The big movie/video game rental company has filed for bankruptcy, after suffering enormous revenue losses. Blockbuster began in 1985, almost 25 years ago, and has been a gigantic part of the rental store explosion. Blockbuster has always been one of the biggest rental companies around, if not the largest, but on September 23rd of 2010 they filed for bankruptcy.
Beginning in Dallas, Texas in October of 1985, and was first in being the company to have new releases, popular movies, and a huge database and collection. It will continue to operate around 3,000 stores in the U.S. but filed for Chapter 11 bankruptcy after such revenue losses due to competitors: GameFly, NetFlix, and so on.
Blockbuster has beat out much competition that I have seen growing up. They were on nearly every corner, renting and selling movies and video games at the cheapest prices. Instead of paying 11 dollars to rent one movie or game (much like it is now-a-days) there were good times, good ole’ days, where renting would total under 5 dollars for 5 days.
They’re old competitors included the once semi-popular Movie Gallery, but nothing really ever came close to Blockbuster until the internet got into the business of gaming and movie rentals. Now you can stream Netflix through your internet connection at Bluray quality; or rent unlimited video games for $15 a month.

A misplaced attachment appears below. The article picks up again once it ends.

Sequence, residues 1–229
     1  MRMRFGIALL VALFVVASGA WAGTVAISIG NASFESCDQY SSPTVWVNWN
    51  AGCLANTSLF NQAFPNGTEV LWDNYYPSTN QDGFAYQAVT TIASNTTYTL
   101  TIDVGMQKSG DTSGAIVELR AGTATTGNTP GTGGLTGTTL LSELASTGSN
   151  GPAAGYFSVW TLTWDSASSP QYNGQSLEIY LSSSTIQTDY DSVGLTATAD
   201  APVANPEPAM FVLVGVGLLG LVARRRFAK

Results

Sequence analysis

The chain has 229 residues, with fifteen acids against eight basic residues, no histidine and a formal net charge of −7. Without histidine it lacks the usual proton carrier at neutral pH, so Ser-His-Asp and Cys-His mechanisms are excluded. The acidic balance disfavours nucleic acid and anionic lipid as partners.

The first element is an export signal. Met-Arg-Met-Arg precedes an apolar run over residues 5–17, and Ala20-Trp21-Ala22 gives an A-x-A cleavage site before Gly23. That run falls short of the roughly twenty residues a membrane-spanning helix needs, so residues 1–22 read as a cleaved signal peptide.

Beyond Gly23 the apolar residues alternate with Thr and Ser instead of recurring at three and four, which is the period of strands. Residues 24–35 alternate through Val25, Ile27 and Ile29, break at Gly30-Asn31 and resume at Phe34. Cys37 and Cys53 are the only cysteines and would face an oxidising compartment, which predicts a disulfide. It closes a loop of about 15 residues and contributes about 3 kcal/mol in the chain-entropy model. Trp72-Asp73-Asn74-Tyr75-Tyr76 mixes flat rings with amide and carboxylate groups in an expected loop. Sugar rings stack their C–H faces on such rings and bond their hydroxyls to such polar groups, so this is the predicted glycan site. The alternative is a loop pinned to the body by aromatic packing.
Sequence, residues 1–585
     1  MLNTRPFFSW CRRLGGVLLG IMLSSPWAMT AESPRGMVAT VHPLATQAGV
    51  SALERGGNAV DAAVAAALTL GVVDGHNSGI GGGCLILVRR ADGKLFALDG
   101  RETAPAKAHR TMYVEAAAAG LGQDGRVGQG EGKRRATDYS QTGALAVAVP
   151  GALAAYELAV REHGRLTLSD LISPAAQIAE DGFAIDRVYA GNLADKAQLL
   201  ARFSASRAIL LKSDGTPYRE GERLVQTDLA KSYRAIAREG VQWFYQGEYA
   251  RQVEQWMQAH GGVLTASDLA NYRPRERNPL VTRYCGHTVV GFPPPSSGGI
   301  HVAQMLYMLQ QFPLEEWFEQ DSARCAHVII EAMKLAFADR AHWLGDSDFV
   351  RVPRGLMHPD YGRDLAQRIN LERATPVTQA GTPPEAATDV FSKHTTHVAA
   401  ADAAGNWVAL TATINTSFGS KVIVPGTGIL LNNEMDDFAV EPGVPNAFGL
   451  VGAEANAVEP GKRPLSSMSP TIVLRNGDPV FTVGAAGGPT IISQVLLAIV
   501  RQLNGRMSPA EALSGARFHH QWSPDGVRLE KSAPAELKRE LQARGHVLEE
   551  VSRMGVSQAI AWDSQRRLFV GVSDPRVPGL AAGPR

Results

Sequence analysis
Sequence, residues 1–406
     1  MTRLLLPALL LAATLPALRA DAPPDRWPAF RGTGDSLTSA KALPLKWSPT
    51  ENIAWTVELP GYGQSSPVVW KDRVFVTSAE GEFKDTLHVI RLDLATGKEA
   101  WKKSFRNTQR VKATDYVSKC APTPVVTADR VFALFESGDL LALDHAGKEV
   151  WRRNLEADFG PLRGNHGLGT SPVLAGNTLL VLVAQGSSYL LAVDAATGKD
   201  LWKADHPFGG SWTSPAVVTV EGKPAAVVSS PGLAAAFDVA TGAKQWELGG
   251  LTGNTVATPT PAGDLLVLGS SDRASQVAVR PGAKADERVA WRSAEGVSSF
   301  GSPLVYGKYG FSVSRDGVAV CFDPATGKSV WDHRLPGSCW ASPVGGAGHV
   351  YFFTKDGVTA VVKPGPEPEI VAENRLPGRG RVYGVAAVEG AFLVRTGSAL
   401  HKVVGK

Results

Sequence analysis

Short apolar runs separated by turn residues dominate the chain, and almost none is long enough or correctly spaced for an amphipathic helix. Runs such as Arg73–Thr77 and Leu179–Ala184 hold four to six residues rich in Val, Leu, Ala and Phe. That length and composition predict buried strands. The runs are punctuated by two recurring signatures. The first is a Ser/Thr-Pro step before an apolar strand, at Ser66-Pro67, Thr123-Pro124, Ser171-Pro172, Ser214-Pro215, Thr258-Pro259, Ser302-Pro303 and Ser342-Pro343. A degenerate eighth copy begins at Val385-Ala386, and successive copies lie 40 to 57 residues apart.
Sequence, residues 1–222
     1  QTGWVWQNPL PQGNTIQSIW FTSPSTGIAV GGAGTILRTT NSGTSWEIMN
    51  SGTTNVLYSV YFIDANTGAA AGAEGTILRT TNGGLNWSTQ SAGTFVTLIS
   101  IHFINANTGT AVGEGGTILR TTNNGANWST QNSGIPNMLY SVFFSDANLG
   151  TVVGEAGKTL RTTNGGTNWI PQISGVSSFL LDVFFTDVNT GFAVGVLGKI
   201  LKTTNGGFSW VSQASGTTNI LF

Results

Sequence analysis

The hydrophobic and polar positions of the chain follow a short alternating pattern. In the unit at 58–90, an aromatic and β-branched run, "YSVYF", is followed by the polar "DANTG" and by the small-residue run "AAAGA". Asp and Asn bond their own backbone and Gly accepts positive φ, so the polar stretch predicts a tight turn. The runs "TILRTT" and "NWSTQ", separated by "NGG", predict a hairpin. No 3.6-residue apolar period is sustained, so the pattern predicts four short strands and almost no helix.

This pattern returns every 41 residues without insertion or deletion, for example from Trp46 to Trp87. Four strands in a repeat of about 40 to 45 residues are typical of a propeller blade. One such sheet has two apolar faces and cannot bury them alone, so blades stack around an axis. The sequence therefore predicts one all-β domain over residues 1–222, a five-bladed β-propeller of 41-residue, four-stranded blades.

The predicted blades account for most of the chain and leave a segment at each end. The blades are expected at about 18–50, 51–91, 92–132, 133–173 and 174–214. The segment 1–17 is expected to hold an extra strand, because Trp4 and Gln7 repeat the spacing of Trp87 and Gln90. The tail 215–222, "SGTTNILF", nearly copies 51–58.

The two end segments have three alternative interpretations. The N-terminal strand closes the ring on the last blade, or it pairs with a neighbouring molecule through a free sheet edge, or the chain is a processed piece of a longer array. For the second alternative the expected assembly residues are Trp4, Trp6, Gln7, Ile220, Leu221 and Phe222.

Everything moving forward on the internet, Blockbuster might as well close it’s doors and move it’s business completely online. However, this does cause a big issue with customers that do not have an internet connection, or would rather use a physical location as opposed to putting their credit card information online.
Blockbuster’s prices the way that they have become now, it has ran off a lot of loyal customers to the company, and has tried many different sales ploys to get back the business that it has lost; thus far, nothing has worked. As it has followed with the bankruptcy.
Another big killer for Blockbuster and it’s signature logo has been the invention of the $1 movie boxes, and more recently the video game terminals. Blockbuster has tried putting out these rental boxes itself, and that may be the last help in it’s dying locations.
Either way, everyone will always remember Blockbuster and it’s golden ticket stub. Going into the locations and spending a quarter of an hour mulling over a movie and/or game. Going down the rows of Action, Comedy, Thriller, and Horror genres.
Whether they keep their doors open, or eventually lock all of them down permanently, I’m sure that we will still be seeing the name “Blockbuster” for years to come. It’s been here 25 already, how innovative can they become?